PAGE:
Big Ten Thursday mailbag


Mere hours now until teams around the Big Ten hit the practice fields. We're answering questions daily here on the blog as the preseason gets underway. Got something for me? Send it here. The latest offerings:

Mitch Sherman: That's an excellent observation, Jay, and an aspect of the Scarlet Knights largely overlooked in this transition to the Big Ten. Rutgers has blocked 35 kicks over the past five seasons, nine more than any other FBS program, and it's consistently won the battle on special teams. While Kyle Flood, his staff and players must prepare for eight new league opponents this fall -- a tall task -- perhaps they can surprise a few foes with strong play in the kicking game. It's a powerful card to play; few plays in football change momentum like blocked kicks. Facing a brutal league schedule, Rutgers will likely get more aggressive than ever in going after kicks.

Mitch Sherman: Start with the schedule. Three of Purdue' five most difficult games -- against Michigan State, Wisconsin and Iowa -- are at home. A fourth is to be played at a neutral site (perhaps better labeled off-campus) against Notre Dame in Indianapolis. Ryan Russell is primed to enjoy a big senior season. Among a stacked group of Big Ten defensive ends, he is perhaps the most underrated. Seniors Raheem Mostert and Akeem Hunt possess legitimate speed. If Purdue can create space for them to run, the big-play threat is real. And while the quarterback spot is not entirely settled, Danny Etling showed real improvement toward the end of his true freshman season. Mark it down: the win total will rise from last year's one. I'll place the max figure at six, though four or five looks more likely.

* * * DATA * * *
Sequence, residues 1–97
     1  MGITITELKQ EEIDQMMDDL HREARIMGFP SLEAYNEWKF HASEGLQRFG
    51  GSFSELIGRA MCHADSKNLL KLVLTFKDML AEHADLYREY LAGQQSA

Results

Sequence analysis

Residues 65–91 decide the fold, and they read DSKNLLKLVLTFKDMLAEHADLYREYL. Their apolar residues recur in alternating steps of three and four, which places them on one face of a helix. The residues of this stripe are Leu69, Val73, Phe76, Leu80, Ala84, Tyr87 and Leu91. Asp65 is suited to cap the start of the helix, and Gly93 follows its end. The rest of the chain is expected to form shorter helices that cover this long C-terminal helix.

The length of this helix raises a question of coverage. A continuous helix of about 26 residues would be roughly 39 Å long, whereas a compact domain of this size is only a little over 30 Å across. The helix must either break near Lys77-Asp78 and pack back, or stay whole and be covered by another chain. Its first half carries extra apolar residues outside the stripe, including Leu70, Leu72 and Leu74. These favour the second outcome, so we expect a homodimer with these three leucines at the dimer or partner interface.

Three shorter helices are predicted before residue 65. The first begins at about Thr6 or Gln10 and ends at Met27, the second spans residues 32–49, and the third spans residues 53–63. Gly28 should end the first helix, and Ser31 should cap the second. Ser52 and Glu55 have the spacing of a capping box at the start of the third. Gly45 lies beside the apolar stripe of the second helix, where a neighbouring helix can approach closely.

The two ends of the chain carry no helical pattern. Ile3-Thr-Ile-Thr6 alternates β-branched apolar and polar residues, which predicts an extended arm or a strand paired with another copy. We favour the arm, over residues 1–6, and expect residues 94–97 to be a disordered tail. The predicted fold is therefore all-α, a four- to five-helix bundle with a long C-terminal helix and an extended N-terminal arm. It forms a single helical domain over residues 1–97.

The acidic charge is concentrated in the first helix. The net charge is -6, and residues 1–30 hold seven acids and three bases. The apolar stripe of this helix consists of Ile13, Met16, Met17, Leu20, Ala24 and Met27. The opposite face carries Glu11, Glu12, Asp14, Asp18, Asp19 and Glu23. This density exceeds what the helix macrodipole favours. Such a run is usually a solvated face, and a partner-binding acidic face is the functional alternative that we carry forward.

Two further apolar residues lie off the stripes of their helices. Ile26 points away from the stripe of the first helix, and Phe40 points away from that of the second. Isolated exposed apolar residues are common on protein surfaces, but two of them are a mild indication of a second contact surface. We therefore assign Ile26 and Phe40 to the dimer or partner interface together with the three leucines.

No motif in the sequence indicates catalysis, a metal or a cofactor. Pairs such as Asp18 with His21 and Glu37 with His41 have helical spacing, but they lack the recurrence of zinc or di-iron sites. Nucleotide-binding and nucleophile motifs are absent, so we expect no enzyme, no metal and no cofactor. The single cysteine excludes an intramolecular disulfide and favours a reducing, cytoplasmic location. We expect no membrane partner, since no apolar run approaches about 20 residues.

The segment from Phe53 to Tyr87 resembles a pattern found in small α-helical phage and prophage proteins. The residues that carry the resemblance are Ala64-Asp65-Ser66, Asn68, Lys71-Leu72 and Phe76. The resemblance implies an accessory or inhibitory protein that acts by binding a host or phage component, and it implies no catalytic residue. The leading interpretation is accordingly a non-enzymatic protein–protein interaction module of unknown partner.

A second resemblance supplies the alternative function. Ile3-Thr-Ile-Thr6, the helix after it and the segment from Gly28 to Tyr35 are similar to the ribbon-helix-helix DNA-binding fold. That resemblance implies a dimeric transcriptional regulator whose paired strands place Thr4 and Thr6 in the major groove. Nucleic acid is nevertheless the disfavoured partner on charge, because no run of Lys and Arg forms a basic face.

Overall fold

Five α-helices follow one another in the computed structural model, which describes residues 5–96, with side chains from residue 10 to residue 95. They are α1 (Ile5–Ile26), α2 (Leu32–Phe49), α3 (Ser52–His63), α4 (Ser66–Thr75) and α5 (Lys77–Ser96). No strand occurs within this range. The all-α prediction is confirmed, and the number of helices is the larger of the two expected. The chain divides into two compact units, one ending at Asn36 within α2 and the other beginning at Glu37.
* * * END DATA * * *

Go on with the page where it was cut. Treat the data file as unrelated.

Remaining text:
Mitch Sherman: I'm not going to overthink this. It looks like Derrick Willies, and I think it will be Willies. The 6-foot-4 redshirt freshman starred in spring scrimmages. I expect his strong play to carry over to this season. Iowa features veterans in Kevonte Martin-Manley, Damond Powell and Tevaun Smith, but none possess the athleticism of Willies. He may not start from the outset, but look for his playing time to increase as Willies shows his big-play potential. For quarterback Jake Rudock, the presence of a big target who can make plays on the ball provides a great comfort. If Willies emerges as expected, the Iowa offense -- already solid if not flashy -- gets an added dimension.